Neighbors of former Super Valu building implore council to take action on hazardous building
By Per Peterson
The building that decades ago was home to Ken’s Super Valu had a green floor. That floor is still green, but it’s not tile — it’s moss. And that has become a serious problem.
The Tracy City Council on Monday evening voted to move ahead with the potential razing and/or repair of the hazardous complex at 220 and 236 3rd St., which is now known as Flooring Concepts of Tracy Inc.
That came as good news to neighbor Dr. John Heezen D.D.S, who owns Prairie Lakes Family Dentistry to the south.
Heezen expressed his concerns to the council about the condition of the building and what effect it’s having on his health, his employees and his business.
Heezen’s practice and Kinner & Co. operate in KNR Properties buildings, which is adjacent to the hazardous building in question.
“The issue that we’re having … I have allergies to black mold, and now what I’m finding is when I’m at the clinic, there are so many airborne contaminates that I’ve having a hard time breathing,” Heezen said. “When I go on vacation for two or three days, it clears up, and then as soon as I get back, it’s the same thing.”
Heezen said his employees have noticed the problem, too, and that the condition is getting worse and worse. It’s so bad, he said, that if the problem isn’t addressed he will move his business.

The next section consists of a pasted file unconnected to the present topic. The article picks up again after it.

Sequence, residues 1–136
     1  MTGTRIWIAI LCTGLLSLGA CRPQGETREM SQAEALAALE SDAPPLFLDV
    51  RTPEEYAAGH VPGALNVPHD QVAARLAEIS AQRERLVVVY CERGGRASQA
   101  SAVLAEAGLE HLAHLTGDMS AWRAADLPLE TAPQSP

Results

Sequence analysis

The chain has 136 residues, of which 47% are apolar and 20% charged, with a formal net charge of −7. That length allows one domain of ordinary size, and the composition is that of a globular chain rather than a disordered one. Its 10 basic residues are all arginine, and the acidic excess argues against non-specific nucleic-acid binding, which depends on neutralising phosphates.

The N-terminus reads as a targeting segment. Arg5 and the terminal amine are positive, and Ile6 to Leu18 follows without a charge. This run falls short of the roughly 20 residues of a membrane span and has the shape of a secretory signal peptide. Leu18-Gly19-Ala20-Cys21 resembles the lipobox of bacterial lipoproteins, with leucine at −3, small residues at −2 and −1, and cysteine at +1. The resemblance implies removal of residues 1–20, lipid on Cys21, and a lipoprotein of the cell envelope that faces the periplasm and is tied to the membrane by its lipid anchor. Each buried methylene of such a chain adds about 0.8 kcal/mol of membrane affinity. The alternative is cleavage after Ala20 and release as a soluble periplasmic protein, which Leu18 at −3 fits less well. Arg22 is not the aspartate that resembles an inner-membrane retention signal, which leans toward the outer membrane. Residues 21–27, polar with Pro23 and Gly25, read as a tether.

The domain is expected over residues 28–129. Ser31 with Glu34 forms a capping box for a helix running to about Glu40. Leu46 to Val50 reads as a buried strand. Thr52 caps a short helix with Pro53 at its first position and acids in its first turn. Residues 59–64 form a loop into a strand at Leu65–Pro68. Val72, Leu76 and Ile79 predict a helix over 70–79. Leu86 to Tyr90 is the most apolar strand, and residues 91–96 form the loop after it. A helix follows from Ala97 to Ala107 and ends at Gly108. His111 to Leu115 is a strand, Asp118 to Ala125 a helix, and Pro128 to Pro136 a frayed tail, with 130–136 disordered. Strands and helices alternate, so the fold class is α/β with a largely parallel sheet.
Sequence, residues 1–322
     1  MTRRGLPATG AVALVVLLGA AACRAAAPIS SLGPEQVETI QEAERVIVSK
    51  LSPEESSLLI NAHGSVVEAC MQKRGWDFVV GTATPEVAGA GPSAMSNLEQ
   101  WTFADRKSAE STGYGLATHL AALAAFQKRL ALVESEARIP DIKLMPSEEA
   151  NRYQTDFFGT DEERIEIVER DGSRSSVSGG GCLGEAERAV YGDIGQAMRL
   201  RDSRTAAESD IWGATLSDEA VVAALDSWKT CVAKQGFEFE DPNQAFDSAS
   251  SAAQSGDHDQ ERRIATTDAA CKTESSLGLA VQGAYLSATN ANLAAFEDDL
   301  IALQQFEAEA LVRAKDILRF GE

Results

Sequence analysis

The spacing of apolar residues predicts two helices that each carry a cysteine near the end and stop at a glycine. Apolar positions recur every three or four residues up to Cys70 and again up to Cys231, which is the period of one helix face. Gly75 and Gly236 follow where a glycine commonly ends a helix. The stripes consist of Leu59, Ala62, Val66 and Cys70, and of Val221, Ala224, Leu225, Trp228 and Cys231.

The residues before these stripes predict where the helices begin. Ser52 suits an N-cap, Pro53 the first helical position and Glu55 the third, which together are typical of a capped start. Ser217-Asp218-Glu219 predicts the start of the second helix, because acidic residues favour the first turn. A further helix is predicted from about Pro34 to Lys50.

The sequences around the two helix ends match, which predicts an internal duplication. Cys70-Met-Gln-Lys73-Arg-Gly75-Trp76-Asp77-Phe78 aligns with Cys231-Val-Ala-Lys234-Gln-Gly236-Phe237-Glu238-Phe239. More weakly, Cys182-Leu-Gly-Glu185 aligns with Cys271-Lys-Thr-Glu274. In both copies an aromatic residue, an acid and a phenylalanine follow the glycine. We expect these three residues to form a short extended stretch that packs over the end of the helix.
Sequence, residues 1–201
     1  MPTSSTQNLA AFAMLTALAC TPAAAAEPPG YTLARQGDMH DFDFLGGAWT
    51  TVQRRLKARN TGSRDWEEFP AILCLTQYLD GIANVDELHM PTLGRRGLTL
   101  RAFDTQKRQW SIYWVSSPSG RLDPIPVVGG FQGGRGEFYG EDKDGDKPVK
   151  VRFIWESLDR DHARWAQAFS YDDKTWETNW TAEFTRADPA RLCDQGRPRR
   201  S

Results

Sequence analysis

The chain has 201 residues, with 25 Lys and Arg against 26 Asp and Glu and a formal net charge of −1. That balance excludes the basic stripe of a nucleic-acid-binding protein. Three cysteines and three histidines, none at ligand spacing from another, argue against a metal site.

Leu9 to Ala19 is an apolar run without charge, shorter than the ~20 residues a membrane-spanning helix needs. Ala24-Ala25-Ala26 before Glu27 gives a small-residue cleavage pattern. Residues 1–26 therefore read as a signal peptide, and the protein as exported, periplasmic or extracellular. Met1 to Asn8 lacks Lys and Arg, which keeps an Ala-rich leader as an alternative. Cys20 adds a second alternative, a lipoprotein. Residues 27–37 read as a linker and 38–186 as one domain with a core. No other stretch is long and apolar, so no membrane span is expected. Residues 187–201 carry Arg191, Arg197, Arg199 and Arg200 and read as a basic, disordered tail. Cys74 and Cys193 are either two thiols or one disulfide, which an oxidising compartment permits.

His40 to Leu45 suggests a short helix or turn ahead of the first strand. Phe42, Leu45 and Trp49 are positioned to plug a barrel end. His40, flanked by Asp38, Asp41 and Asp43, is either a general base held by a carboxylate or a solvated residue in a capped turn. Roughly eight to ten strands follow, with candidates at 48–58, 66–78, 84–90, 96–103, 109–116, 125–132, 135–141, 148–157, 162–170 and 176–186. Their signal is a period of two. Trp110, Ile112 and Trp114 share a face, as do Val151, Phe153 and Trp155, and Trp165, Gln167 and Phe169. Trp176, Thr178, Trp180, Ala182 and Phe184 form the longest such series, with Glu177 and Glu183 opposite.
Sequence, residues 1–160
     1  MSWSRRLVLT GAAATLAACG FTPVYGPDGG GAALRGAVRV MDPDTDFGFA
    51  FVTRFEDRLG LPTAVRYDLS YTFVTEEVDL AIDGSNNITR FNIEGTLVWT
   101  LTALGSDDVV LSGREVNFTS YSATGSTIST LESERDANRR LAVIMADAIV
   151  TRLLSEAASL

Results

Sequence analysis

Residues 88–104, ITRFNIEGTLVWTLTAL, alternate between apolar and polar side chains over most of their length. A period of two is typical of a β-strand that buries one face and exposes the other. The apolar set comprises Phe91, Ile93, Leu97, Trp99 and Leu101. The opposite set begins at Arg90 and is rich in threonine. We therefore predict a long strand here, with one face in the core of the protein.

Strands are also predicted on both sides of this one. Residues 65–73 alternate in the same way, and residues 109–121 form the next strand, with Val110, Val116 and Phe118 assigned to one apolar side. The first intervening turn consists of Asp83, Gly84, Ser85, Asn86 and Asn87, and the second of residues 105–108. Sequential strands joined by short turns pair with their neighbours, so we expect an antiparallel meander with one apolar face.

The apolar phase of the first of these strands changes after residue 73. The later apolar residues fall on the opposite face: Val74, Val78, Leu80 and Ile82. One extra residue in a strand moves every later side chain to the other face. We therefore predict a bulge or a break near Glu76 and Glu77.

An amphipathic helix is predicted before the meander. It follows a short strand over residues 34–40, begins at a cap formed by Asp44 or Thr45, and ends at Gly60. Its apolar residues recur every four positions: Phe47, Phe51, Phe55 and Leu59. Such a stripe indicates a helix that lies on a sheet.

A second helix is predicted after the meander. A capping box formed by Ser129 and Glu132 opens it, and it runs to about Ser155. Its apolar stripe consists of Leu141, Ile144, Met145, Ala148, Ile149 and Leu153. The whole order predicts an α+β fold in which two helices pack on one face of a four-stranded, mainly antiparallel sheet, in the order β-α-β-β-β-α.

“(Something) needs to be done as soon as possible,” he said. “It’s at the point where if it doesn’t get done shortly, I’m going to move. I just can’t take being in business where I get complaints from my patients, I get complaints from my staff. It’s really a severe issue.”
Heezen isn’t the only neighbor to express concern about the issue. Nicole Larson of Kinner & Co. said Heezen has reached out to the owners of the building a number of times regarding the issue.
“The graffiti is probably more than four years old,” she said. “The only reason there’s not weeds by the building is my son weed-whipped them. It’s a serious health concern. We shouldn’t be worrying about losing a wonderful business because of this, nor should he worry about losing patients because of health issues. When you own a building you need to take care of it, and this needs to be taken care of.”
See this week’s Headlight Herald for more on this article.